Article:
Some of you may remember the economic fractalist Gary Lammert. Occasionally, he would pop into Setser’s or Thoma’s or elsewhere and deliver his precise prediction of when economic doom would fall. (His latest and last prediction was for November 12, 2006, I think.) On his blog he accepted no comments; on the blogs of others, he never engaged. One pronouncement of doom and he was gone.
I was a frequent visitor to The Economic Fractalist. I did not pretend to understand his quantum fractals, let alone totally believe his predictions. But his baroque style caught my eye: Convoluted sentences hundreds of words long, studded with eye-catching metaphors, like iridescent jewels. Whether his math was nothing more than mad scratchings, I could not tell. But he was on to something. Over and over again, he spoke of the danger of excessive credit, of the incredible imbalances that simply cannot defy gravity forever. He talked about economic cycles extending back to and before the Great Depression. Those vast circular fractals were about to close again, he would exclaim. “Expect the unexpected,” was how he often ended a thread. Now his blog is quiet. The prediction was wrong.
Now Gary is still alive and well, with a new, quieter blog, I think. He writes on the same themes, but confines them to narrower topics.
I think about his dilemma a lot these days. Can any of us predict with any kind of certainty? No century is like another; no decade is like another. History repeats, maybe. I agreed with his analysis, sans fractals and predictions. It seems to me that only the lucky get the date of Armageddon, a dubious distinction at best.
We live in a world of increasing uncertainty, of increasing complexity.
And fragility seems to be everywhere, not only in economics.
The Japanese love shark fins: Strip the fins and throw the dying shark back. But sharks eat ray fish, which in turn eat shellfish. And shellfish are crashing for the love of shark fin soup. Nouriel talks of subprime-lending moving like a contagion through the economy. Meanwhile, doctors worry about a drug resistant strain of TB, or report that the Bubonic plague is alive and well in Western parks, carried now by the fleas on squirrels. Then there is the warbling of the bird flu. And what about that pet food? We heard that sunflower seeds okay for dogs to consume. Is it true that milk will rise 9% in price next year because of oil?
I saw a documentary last night where a thousand foot mile-wide chasm had been emptied of ice. All of it had melted in the space of a few years. I saw another documentary on the Klamath River: Indians patiently waiting for the coho salmon, which never came. In Science, a prestigious scientific journal, I read a study outlining how global warming as presently predicted would so alter the habitats of thousands of species that many species would crash by 2050. On another documentary, I watch in horror as those huge fishing factories, killing machines, with mile wide nets, scour the deeps, destroying everything willy-nilly. Over half the catch is unwanted, returned to the sea in a bloody cascade, where thousands of gulls hovered and screamed.. The documentary then turned to fish markets, full of fish. But for how long? Is there a limit here? .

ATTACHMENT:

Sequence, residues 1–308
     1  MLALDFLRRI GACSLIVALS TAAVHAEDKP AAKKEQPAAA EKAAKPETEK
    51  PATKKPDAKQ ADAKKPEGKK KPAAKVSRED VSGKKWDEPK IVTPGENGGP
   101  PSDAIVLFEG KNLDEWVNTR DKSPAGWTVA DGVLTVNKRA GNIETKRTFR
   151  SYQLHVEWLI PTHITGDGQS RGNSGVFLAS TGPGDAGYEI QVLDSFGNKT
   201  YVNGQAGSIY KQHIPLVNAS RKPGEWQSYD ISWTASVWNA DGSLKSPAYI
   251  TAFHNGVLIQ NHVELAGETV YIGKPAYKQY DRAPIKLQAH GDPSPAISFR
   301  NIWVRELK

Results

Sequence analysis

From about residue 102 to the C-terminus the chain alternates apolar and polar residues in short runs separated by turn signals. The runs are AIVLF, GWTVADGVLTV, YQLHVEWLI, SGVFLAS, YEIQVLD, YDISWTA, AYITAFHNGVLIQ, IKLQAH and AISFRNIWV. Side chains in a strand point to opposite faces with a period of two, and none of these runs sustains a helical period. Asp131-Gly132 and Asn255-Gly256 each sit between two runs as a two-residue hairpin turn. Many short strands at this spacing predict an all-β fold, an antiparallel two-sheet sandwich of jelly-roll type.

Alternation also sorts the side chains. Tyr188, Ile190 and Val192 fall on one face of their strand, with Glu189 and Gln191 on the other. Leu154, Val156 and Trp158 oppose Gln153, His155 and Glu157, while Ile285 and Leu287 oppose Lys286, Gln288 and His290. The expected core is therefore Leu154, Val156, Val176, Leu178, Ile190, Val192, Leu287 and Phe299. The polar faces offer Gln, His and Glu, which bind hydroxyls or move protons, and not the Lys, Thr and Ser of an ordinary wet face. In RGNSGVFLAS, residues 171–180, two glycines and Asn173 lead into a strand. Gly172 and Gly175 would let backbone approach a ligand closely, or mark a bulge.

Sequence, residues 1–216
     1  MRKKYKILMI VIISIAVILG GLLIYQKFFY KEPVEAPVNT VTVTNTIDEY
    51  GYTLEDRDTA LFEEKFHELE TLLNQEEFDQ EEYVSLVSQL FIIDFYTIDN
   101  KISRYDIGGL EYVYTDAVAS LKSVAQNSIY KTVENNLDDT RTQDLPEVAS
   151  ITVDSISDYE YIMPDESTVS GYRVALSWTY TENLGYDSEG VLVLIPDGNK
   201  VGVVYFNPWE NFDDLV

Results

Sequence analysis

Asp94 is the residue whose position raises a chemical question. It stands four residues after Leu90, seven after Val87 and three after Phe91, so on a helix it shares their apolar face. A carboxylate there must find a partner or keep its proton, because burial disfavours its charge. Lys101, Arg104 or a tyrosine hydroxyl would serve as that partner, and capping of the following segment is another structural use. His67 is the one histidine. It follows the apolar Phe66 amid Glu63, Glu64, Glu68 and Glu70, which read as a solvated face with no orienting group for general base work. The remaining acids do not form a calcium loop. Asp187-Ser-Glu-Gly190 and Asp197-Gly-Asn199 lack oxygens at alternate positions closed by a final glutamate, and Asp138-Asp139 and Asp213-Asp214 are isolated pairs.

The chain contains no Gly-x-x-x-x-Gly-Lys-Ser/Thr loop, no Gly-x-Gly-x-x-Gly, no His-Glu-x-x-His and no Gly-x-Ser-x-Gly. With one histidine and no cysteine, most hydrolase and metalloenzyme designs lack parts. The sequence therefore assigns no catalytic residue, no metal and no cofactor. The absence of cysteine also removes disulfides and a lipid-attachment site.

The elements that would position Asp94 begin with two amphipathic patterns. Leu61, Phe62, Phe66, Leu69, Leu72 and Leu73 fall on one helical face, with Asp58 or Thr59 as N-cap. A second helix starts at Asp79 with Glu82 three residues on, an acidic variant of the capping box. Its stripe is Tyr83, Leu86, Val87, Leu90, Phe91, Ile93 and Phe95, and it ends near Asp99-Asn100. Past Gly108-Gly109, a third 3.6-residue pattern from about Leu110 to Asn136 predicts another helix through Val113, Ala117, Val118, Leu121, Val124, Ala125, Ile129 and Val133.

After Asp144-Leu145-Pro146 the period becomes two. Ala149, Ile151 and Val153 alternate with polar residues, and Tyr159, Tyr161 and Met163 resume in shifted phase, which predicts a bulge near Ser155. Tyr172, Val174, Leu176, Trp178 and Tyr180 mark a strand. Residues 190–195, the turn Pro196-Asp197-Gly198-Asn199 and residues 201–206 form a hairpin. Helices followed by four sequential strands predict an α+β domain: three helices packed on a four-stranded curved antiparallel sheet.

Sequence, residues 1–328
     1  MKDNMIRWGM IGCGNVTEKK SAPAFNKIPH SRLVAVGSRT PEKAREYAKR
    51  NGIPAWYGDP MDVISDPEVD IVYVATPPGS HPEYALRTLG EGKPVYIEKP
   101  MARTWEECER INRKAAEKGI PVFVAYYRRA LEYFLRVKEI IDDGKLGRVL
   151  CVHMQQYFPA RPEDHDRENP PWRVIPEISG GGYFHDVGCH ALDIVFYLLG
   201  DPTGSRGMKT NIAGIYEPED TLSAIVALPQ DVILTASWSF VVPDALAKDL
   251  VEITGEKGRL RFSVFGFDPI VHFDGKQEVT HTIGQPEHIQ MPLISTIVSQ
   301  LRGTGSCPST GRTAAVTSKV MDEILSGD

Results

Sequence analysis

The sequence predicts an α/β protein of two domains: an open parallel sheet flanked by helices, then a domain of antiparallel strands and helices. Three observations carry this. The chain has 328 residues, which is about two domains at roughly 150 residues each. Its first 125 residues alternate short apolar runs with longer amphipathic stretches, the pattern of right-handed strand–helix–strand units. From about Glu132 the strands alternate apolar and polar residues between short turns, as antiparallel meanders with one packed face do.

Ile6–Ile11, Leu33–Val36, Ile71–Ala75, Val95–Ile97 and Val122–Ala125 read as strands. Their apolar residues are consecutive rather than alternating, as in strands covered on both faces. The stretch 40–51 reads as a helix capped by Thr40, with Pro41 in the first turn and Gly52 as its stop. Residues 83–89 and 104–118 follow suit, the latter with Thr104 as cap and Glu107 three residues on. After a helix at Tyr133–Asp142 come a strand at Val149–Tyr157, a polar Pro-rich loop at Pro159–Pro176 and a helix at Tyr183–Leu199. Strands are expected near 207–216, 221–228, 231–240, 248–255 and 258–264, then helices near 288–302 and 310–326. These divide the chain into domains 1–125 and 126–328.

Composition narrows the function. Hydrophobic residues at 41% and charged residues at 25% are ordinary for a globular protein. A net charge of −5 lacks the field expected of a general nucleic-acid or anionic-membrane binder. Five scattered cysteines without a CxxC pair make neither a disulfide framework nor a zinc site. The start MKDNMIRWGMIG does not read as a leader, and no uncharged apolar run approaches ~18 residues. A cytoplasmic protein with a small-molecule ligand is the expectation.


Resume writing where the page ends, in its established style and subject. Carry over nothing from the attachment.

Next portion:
Glaciers in the Himalayas are melting, I am told. They are the headwaters for major Indian and Chinese rivers. By 2030, these glaciers will be one-fifth their present size. Well, I already knew the world had problems with potable water. Australia is experiencing its worse drought in recorded history. Already, penguins are in trouble, the emperor especially. They need the ice. Wonder if Australia can snag a few mammoth ice bergs to supplement the water from their desalinization plants?
A friend of mine calls to tell me it’s all solar cycles. “The sun is getting larger, “ he says. I do some research. Yes, maybe there is something to that, but the only expert I can find claims that solar irradiance, at best, will add less than .076 degrees, merely reinforcing the 2-3 degrees we can expect. “Besides, “ he adds, “the weather is fine here.” I did not tell him that mid-latitude countries are supposed to experience the least harmful effects. “And what happened to all those hurricanes we were supposed to have last year,” he continues. I refrain from telling him that global warming does not guarantee many and massive Gulf hurricanes every year.
Ah, maybe he is right. I go outside. Seems nice to me, too. We did have a mild winter where I am. Not much snow. All that fragility, yet the world keeps on truckin’. It does seem to defy gravity.
Maybe we know too much…or maybe I read too much. Maybe I should get a life, huh? Or, maybe, like Gary, hoe a smaller patch.